$1M project expands reach of Pittsburgh AIDS Task Force |

$1M project expands reach of Pittsburgh AIDS Task Force

Andrew Russell | Tribune-Review
Workers from the Pittsburgh AIDS Task Force gather in an office in the group's East Liberty location, Wednesday, Oct. 26, 2016. Shown left to right is Medical Secretary, Leah Paris, Administrative Assistant, Veronica Olo Fernandez, Agency Case Manager, David Shannon and Medical Assistant, Tyra Gaines.
Andrew Russell | Tribune-Review
Qiana Hayden, Baldwin, medical case manager for the Pittsburgh AIDS Task Force gathers food from the organizations food bank for a client in East Liberty, Wednesday, Oct. 26, 2016.

A recently completed $1 million renovation and expansion of the Pittsburgh AIDS Task Force in East Liberty has made Sean DeYoung’s vision a reality.

The project, which took about a year to complete and included a medical clinic expansion, is a step toward PATF’s goal to transition to a fully integrated medical and social-service care organization for people with HIV.

“I’m a social worker, and that’s where the social work field is moving,” said DeYoung, the AIDS Task Force CEO who came aboard last year. “Research has shown that people who can receive all of their medical and social services in one place are much more likely to get the comprehensive level of care they need.”

The population served by PATF has unique challenges in addition to living with HIV/AIDS, DeYoung said.

“Ninety-eight percent of our client base is below the poverty line,” he said, “so they may also face housing challenges and job challenges, which is a huge problem. If you’re worried about getting evicted or not having a place to stay, you’re not going to be worried about taking your medication like you’re supposed to or coming to see your doctor when you need to.”

The renovated PATF center, unveiled at a ribbon-cutting last Tuesday, offers a food pantry, an on-site pharmacy, legal aid, programs for medical case management and federal housing assistance. It also offers an adherence program designed to help patients who struggle to remember to take their medications through personalized texts or phone calls.

Mayor Bill Peduto hailed the project as a turning point in PATF’s 31-year history.

“In the late 1980s and early ’90s, very few organizations were willing to brave the stigma associated with HIV and AIDS,” Peduto said. “Now, because of the hard work of organizations like Pittsburgh AIDS Task Force, we’ve been able to do away with much of that stigma so we can effectively treat the disease itself.”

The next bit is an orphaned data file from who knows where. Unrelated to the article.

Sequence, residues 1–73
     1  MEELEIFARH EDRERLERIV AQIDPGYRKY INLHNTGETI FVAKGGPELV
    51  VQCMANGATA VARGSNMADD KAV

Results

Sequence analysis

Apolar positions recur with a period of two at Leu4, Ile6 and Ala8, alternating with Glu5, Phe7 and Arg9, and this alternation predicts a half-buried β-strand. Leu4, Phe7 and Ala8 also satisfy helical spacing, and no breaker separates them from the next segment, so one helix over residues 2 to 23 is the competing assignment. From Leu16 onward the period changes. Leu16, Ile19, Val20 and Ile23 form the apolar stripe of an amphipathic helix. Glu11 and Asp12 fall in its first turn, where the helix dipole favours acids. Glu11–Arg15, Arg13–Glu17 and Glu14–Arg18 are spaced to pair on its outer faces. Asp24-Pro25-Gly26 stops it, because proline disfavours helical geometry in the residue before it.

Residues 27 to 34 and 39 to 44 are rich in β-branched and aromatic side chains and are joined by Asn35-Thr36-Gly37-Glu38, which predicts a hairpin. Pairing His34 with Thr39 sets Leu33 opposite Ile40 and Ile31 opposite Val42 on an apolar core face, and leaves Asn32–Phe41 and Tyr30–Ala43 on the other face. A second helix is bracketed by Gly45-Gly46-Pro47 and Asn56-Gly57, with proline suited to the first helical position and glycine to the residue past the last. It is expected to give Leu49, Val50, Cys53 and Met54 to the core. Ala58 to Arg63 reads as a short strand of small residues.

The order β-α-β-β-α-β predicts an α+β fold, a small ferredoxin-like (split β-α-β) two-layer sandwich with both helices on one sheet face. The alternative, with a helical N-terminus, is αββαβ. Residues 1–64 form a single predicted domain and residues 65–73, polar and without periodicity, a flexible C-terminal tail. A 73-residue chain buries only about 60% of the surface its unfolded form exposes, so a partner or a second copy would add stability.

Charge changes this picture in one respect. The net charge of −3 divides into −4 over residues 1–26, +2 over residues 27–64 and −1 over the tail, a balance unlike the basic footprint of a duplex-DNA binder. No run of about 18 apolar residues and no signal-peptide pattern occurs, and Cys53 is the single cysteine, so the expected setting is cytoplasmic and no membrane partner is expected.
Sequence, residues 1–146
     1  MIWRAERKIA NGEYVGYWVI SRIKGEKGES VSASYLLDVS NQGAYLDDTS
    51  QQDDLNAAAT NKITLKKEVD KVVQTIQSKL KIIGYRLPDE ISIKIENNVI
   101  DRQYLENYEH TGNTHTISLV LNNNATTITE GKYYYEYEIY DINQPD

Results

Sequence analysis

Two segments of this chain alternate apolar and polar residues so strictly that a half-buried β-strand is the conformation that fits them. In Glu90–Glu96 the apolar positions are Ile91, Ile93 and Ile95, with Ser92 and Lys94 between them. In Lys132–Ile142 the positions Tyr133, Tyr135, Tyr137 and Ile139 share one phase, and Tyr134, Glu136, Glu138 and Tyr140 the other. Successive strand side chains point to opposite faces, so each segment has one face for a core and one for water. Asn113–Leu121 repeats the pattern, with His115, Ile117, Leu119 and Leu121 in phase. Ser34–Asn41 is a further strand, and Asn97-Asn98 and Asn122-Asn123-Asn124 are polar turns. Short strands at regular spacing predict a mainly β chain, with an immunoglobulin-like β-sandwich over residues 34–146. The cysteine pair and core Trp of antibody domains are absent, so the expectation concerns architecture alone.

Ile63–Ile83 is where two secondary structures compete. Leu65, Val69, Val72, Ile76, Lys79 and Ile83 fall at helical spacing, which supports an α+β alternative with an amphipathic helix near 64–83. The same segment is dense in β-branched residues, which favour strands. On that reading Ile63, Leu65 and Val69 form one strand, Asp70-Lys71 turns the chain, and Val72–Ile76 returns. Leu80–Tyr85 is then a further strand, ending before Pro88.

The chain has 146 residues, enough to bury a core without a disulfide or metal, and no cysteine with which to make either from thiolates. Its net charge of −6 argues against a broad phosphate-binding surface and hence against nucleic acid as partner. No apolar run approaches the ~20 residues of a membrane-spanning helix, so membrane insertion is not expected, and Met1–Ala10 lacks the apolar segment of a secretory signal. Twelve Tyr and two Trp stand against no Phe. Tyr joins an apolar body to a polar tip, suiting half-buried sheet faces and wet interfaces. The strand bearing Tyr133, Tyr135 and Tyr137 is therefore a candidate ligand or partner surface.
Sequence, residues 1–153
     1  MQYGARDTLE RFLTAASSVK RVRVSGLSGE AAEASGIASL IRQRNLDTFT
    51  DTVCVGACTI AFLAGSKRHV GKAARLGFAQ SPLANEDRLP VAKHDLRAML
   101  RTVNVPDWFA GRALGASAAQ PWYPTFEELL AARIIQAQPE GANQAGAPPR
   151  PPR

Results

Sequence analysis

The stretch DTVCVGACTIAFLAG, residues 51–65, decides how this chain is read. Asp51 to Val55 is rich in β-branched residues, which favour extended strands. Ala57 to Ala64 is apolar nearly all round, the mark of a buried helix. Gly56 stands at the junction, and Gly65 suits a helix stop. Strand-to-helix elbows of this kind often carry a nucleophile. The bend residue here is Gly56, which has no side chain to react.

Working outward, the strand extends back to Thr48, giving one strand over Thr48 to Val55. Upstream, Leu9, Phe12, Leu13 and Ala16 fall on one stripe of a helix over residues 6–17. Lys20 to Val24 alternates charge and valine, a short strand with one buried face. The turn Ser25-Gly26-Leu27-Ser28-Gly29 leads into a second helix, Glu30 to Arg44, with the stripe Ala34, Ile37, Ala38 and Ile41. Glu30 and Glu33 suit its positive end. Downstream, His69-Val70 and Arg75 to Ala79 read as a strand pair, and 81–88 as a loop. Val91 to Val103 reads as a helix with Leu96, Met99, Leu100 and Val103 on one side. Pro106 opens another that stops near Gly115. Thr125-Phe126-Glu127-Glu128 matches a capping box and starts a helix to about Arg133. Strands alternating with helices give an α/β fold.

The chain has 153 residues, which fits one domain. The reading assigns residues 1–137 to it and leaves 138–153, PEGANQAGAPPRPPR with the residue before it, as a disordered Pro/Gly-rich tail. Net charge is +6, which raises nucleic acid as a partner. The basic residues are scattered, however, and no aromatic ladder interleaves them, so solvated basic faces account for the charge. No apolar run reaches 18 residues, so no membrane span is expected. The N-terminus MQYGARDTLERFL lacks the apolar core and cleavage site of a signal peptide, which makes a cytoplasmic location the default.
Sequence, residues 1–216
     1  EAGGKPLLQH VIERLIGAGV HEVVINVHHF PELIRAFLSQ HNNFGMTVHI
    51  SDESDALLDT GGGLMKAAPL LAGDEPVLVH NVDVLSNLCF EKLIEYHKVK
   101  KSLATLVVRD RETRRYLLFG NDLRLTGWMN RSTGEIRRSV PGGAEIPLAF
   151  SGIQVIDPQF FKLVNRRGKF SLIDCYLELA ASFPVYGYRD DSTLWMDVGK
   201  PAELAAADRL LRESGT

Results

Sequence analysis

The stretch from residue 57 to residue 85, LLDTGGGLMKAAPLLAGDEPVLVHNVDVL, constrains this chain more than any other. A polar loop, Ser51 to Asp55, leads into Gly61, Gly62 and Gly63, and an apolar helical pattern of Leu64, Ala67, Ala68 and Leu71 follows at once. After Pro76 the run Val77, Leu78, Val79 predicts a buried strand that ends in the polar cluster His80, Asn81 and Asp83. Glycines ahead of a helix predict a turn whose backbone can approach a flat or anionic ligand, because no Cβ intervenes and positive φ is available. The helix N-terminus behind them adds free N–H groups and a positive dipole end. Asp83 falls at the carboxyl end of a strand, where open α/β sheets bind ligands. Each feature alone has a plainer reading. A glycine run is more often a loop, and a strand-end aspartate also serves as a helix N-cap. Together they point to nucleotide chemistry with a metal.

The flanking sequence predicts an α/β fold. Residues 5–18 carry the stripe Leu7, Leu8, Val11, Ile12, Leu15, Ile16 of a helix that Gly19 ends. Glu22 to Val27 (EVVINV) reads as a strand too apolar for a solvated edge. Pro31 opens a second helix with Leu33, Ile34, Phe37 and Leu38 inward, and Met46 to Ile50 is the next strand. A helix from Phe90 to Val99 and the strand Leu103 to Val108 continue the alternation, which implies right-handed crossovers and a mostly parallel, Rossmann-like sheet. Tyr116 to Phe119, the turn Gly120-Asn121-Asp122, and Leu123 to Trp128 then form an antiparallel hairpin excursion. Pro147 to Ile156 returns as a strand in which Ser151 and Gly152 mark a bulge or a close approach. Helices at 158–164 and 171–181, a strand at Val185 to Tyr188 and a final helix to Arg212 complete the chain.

In addition to providing HIV-related medical care, the clinic will provide routine primary care for clients and their families. That includes HIV-prevention services — through pre-exposure prophylaxis (PrEP), a daily pill that reduces the risk of contracting HIV by more than 90 percent — and testing and treatment for non-HIV sexually transmitted infections for anyone in the community.

“We get a lot of kids from the colleges who come in to get STI testing,” DeYoung said. “But it can be stigmatizing or embarrassing to have to go back to the doctor you’ve known since you were 5 to get STI treatment. We wanted to offer treatment here, too, so we know that everyone we test will also be able to get treated.”

Dr. Sarah McBeth, who will serve as medical director for the center, noted that two other large HIV clinics in Pittsburgh — UPMC’s Pittsburgh AIDS Center for Treatment and Allegheny Health Network’s Positive Health Clinic — often are crowded and generally limited to providing care specifically related to HIV treatment.

“I think we have a little more flexibility in the types of patients we can see,” McBeth said. “And we’re the first clinic to open on the East End. Lots of local community members come to PATF to use resources like case managers and the food bank, and we hope that by having a clinic, we’ll also be able to provide them with whatever medical care they need.”

U.S. Rep. Mike Doyle, D-Forest Hills, joined Peduto in praising PATF’s ambitious vision.

“This is a great move they’ve made to become a one-stop shop where a variety of needed services can be obtained under one roof,” he said.

Kristina Marusic is a contributing writer.

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